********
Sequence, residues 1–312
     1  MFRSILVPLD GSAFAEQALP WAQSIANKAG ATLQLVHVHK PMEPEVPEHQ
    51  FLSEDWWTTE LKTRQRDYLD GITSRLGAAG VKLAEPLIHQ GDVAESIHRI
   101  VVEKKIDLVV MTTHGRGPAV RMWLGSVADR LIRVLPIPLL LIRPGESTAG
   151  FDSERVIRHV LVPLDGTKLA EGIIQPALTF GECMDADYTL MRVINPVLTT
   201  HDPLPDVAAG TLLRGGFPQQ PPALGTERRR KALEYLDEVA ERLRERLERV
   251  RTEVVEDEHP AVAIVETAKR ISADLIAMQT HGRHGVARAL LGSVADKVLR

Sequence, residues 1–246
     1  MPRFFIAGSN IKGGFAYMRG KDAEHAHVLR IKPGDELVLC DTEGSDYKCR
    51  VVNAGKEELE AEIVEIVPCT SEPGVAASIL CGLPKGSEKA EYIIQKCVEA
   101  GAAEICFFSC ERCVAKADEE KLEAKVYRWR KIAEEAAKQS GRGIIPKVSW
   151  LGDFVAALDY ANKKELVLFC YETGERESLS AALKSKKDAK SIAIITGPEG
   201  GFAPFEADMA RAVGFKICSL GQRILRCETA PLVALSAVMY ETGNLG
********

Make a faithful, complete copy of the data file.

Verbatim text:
Sequence, residues 1–312
     1  MFRSILVPLD GSAFAEQALP WAQSIANKAG ATLQLVHVHK PMEPEVPEHQ
    51  FLSEDWWTTE LKTRQRDYLD GITSRLGAAG VKLAEPLIHQ GDVAESIHRI
   101  VVEKKIDLVV MTTHGRGPAV RMWLGSVADR LIRVLPIPLL LIRPGESTAG
   151  FDSERVIRHV LVPLDGTKLA EGIIQPALTF GECMDADYTL MRVINPVLTT
   201  HDPLPDVAAG TLLRGGFPQQ PPALGTERRR KALEYLDEVA ERLRERLERV
   251  RTEVVEDEHP AVAIVETAKR ISADLIAMQT HGRHGVARAL LGSVADKVLR

Sequence, residues 1–246
     1  MPRFFIAGSN IKGGFAYMRG KDAEHAHVLR IKPGDELVLC DTEGSDYKCR
    51  VVNAGKEELE AEIVEIVPCT SEPGVAASIL CGLPKGSEKA EYIIQKCVEA
   101  GAAEICFFSC ERCVAKADEE KLEAKVYRWR KIAEEAAKQS GRGIIPKVSW
   151  LGDFVAALDY ANKKELVLFC YETGERESLS AALKSKKDAK SIAIITGPEG
   201  GFAPFEADMA RAVGFKICSL GQRILRCETA PLVALSAVMY ETGNLG